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Music: Ratking

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Ratking’s sophomore LP So It Goes opens with a cacophony of voices in a dissonant but intentional chaos that characterizes this frenetic album. The bass drops two successive beats, and then an unnamed character enters, retelling an argument he had with his friend the other night at a bar on Amsterdam Avenue. His friend says that hip-hop is dead, that all music made today is “garbage.” But the unknown voice comes to the defense of contemporary rappers, arguing that the genre has evolved, that it really doesn’t make sense to compare 20-year-old rappers in 2014 to Tupac and Biggie. “So it goes,” he says, before frontman Wiki starts his verse.

This intro encapsulates the album as a whole. Ratking is not looking to regurgitate the kind of rap that has dominated the genre for the past two decades. And with the reference to Amsterdam Avenue, Ratking announces the most important part of their image—they’re from New York. The album is about the chaotic beauty of a 20-something making his or her way through the urban wildlife. Listening to the album, you feel like you’re there, in a city pulsating with life.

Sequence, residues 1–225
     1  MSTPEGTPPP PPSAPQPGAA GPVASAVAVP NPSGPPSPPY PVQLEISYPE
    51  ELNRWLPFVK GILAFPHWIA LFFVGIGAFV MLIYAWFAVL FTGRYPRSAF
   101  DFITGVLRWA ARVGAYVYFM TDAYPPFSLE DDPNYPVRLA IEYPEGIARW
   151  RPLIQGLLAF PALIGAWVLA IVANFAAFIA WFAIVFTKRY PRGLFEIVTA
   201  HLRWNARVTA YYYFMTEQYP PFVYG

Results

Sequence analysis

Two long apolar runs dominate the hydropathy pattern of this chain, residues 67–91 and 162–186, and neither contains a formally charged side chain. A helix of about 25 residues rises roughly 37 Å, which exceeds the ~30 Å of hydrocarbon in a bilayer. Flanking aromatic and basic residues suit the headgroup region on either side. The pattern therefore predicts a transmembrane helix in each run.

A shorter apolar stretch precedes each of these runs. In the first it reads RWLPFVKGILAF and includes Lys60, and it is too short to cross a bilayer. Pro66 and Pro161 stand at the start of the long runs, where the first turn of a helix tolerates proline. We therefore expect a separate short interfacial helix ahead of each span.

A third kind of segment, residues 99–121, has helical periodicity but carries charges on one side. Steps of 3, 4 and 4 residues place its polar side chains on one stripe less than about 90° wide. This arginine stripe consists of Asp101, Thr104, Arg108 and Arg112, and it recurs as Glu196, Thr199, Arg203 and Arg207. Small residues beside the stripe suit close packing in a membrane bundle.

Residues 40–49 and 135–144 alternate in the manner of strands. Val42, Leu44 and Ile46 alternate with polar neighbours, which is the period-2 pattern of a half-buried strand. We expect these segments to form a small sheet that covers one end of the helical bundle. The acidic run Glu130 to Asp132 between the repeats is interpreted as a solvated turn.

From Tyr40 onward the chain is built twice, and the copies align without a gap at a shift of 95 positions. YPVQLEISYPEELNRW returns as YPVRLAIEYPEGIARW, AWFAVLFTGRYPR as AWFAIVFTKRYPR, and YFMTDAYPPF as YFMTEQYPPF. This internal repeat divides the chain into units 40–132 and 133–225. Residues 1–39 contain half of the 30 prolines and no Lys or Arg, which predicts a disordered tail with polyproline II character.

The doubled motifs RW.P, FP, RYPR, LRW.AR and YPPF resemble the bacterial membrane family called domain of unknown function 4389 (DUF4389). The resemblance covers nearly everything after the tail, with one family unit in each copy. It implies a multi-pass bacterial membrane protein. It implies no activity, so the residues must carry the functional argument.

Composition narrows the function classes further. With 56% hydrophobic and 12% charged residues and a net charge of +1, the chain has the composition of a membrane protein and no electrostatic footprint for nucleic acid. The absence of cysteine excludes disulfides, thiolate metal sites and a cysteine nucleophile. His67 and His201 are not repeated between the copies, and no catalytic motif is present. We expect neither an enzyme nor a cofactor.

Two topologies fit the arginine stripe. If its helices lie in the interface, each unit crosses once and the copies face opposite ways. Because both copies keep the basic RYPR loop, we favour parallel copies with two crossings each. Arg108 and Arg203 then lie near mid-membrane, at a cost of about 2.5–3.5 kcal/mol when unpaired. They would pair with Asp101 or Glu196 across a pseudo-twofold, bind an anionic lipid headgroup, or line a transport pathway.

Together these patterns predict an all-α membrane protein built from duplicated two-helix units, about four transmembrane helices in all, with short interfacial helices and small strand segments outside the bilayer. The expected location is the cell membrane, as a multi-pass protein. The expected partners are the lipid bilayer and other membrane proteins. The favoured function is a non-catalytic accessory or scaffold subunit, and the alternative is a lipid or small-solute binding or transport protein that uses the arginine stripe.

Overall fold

But it does eventually get tiresome. The issues they address (such as the brutality of the NYPD and the stop-and-frisk policy) and the detailed pictures that they paint of life in the city are important, even moving. But there are times when it feels like they are forgetting the frenzied image they’re trying to create in favor of reminding the listener of their hometown pride, which is the exact kind of tired trope in rap that they claim to transcend.

But it is overall a hugely successful sophomore issue. The songs “So Sick Stories” and “Puerto Rican Judo,” featuring King Krule and Princess Nokia (Ante-Fling, what up?) respectively, especially stand out. All I can say is that I can’t wait to hear what these guys do next; I’m expecting big things.